HomeNewsMulti-SportSouth Africa

End in sight for release of SA watchdog’s sports broadcast regulations

South African broadcast and telecoms regulator Icasa has targeted the end of September by which to publish the details of its long-awaited sports broadcast regulations.

Having published its ‘Draft Sports Broadcasting Services Amendment Regulations’ at the end of 2018 in a bid to redress the balance of sports coverage in the country, ICASA has held hearings with sports and broadcast stakeholders as it continues to prepare the legislation.

Icasa is looking to amend the current legislation to ensure that sports events of a national interest enjoy live free-to-air coverage.

Icasa councillor Nomonde Gongxeka-Seopa told South Africa’s TimesLive website: “We are hoping that as the authority‚ we will be able to publish the final regulations of 2020 by the end of September.”

She added: “Around June this year‚ we will publish the final draft of the regulations and the public will be offered the opportunity to have their say.

“We therefore encourage civil society organisations‚ community interest groups‚ broadcasters‚ the sports fraternity and ordinary South Africans to participate in this process so as to enable Icasa to make informed decisions and conclusions that are indeed in the public interest.”

Media group Multichoice, which owns South Africa’s dominant pay-television operator DStv and pay-television sports broadcaster SuperSport, holds the lion’s share of premium sports rights in the country.

Under the draft regulations published 15 months ago, Icasa listed the following events as requiring compulsory live free-to-air coverage:

  • The Summer Olympic Games
  • Paralympics
  • Fifa World Cup
  • Africa Cup of Nations (men’s and women’s)
  • Rugby World Cup
  • ICC Cricket World Cup and ICC T20 Cricket World Cup
  • International boxing federations events
  • National netball competitions
  • Commonwealth Games
  • IAAF athletics events

Icasa’s work on the sports broadcast regulations comes with the finances of the SABC, the South African public-service broadcaster, still very much under the microscope. It was recently announced that the broadcaster would receive ZAR1.1bn (€59.3m/$66.2m) in its latest bailout from the country’s Treasury.

The broadcaster last year criticised the “exorbitant” price of sports rights, claiming that 83 per cent of all of its expenditure went directly on the acquisition of sports rights. This contributed to a ZAR483m loss for the 2018-19 financial year.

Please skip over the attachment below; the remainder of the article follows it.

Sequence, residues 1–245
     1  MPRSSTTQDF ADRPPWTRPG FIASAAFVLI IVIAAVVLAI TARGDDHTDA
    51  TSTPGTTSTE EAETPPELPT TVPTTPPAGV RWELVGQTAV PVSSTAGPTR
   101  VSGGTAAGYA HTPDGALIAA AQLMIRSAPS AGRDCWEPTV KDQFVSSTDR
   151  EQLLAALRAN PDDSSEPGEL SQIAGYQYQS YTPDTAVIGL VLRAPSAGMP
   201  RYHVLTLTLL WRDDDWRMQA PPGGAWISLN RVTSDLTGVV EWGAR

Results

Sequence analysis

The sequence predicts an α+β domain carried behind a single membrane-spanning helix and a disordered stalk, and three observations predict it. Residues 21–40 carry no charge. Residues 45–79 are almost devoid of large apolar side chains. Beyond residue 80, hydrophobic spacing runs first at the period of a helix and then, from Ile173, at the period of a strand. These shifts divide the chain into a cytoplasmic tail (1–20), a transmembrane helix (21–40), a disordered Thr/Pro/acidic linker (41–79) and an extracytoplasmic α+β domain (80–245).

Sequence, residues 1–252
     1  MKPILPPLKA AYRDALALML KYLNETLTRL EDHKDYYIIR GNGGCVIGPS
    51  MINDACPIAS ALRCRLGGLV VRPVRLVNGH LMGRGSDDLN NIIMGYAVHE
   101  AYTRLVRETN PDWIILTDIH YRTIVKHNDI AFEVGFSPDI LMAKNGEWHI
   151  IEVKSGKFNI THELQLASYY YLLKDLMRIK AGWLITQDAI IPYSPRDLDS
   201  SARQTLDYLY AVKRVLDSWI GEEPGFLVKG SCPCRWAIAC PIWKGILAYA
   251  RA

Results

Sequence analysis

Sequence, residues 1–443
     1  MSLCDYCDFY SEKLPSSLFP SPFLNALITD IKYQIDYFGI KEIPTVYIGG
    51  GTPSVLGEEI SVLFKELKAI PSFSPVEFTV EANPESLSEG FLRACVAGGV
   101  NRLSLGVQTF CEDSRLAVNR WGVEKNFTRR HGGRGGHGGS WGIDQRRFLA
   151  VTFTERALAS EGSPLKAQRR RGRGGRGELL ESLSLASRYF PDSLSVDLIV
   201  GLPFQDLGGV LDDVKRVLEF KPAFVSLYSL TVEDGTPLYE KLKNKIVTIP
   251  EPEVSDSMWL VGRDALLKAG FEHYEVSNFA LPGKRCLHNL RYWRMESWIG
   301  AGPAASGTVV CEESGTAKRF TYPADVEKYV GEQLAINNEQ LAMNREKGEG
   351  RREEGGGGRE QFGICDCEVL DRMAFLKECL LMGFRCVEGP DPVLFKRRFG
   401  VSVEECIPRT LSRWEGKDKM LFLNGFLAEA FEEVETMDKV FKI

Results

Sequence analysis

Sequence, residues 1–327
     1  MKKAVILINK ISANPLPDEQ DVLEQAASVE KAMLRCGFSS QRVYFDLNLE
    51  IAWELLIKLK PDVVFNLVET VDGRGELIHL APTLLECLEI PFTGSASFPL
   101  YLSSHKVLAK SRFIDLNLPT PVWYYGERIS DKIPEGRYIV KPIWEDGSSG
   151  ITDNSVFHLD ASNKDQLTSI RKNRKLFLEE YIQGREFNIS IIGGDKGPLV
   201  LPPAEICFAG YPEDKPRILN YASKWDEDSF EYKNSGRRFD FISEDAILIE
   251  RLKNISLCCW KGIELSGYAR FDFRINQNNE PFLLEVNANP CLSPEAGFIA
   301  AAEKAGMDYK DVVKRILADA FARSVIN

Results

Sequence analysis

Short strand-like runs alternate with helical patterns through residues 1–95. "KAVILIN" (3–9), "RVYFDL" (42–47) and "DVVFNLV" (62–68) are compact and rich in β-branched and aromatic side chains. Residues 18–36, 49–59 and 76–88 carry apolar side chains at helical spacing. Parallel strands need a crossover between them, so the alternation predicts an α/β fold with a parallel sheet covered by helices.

In May last year, Icasa held public hearings on the draft amendment regulations with presentations made by various South African sports bodies. These included Premier Soccer League, the South African Football Association, SA Rugby, Boxing South Africa, Netball South Africa and national Olympic committee Sascoc.

Sports bodies have argued that the proposed legislation could “kill” sport in the country given the various sports’ reliance on rights fees largely generated by the pay-television sector.

MultiChoice, the SABC and e.tv, the privately-owned free-to-air broadcaster, are also reported to have held meetings with the regulator.

Gongxeka-Seopa said that there would be another round of hearings between May and June for the interested stakeholders and the public to offer any final input.

She added: “We are also required by law to consult with the ministers of communication and of sport and recreation before we conclude these regulations‚ and we have done that and continue to do so…

“…even though we currently do not know what the regulations will finally be like due to continued engagement with affected or interested stakeholders‚ we are mindful of the fact that this is a highly contested terrain and there is potential pushback in the form of litigation from those who may not like the new regulations.

“But we will be ready to discharge our public interest mandate of ensuring that millions of South Africans have access to sports of national interest as envisaged in the broadcasting legislation.”

Icasa’s proposed regulations also include a list of 16 events that should be offered to a pay-television broadcaster on a non-exclusive basis under sublicensing conditions. The list includes Super 14 Rugby, the All Africa Games, PSL, CAF’s Champions League and Confederations Cup, rugby union’s Currie Cup, domestic cricket leagues and South Africa’s Premier Hockey League.

The draft regulations also call for both free-to-air and pay-television broadcaster to air events from at least two “minority and developmental” sporting codes. These include basketball, golf, gymnastics, ice hockey, martial arts, motorsport, squash, tennis, volleyball and wrestling.